Great Expectations By Charles Dickens

924 WordsApr 18, 20164 Pages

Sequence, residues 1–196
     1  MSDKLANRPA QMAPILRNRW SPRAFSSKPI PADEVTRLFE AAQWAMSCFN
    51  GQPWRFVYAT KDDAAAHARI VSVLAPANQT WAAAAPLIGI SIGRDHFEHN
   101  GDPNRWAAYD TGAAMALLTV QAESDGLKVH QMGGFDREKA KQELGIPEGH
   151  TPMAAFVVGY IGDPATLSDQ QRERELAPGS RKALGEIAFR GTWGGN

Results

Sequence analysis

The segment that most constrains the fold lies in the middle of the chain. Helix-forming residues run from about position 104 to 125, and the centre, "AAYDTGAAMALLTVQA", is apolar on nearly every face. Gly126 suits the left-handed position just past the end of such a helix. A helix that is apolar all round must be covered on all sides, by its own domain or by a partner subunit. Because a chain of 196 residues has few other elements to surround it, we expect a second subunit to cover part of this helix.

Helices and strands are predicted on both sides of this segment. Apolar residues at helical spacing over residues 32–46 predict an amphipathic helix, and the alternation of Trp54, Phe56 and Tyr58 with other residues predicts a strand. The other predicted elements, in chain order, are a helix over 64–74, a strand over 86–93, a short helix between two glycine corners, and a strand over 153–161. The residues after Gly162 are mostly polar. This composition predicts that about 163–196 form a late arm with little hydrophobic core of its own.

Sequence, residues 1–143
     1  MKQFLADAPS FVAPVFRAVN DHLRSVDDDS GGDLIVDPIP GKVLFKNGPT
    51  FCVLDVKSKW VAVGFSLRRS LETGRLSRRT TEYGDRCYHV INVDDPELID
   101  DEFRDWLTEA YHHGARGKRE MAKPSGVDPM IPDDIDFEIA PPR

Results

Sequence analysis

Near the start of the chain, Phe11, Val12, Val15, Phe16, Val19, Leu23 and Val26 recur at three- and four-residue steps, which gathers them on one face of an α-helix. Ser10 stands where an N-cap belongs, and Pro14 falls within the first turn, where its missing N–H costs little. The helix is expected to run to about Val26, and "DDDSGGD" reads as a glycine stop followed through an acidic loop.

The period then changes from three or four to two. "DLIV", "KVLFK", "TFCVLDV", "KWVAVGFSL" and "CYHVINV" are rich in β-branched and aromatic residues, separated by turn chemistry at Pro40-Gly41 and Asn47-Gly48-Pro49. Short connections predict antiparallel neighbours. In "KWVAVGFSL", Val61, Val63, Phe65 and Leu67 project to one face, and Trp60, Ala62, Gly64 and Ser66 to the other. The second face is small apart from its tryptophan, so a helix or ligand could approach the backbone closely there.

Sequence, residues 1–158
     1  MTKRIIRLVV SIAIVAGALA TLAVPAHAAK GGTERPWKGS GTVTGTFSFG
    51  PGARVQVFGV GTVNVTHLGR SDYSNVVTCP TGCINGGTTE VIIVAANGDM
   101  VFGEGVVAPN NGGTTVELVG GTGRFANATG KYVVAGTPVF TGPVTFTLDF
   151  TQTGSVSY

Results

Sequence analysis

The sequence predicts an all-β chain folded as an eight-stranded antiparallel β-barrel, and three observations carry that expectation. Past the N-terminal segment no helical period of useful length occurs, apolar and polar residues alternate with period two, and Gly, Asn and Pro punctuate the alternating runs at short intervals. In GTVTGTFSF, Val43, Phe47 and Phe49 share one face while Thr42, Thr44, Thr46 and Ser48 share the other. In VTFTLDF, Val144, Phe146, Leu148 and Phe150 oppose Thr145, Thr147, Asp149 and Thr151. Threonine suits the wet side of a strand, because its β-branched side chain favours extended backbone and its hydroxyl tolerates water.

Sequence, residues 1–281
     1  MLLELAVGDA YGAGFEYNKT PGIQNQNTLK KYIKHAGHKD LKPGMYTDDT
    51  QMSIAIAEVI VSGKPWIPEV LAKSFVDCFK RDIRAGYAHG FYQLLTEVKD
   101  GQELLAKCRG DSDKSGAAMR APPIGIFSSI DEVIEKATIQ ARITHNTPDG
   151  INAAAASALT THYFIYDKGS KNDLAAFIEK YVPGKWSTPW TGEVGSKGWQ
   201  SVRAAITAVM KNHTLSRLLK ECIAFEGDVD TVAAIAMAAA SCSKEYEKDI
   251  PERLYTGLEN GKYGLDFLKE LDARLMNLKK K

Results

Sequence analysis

Commonly, a novel is either a plot driven novel, a character driven novel, or a mix of the two. In order for a novel to be character driven, it must revolve more around the characters’ individual thoughts, feelings, and inner struggles, rather than around the quest of the story. Great Expectations, by Charles Dickens, is a character driven novel. While the story does have a plot, it is not contingent upon that plot, but rather is reliant upon its characters and their natures. This is evident from the beginning of the novel. From the opening of the novel, it is clear that it is character driven. It opens with an introduction to the main protagonist, Pip, who is a complex character that faces much internal conflict during his development. The reader learns of Pip’s past and present conditions as well as his internal struggle. Pip best describes it later as, “Scattered wits take a long time picking up, and often, before I had got them well together, they would be dispersed in all directions by one stray thought,…” (Dickens 103). It is common for character driven novels to open in such a way where character description comes before plot description. This implies to the reader that the characters are foundational ideas behind the story. Dickens created many characters, and the fact that they are all highly developed indicates character drive. The lives of the different individuals are very intertwined, so that their interactions impact their character development. As Pip

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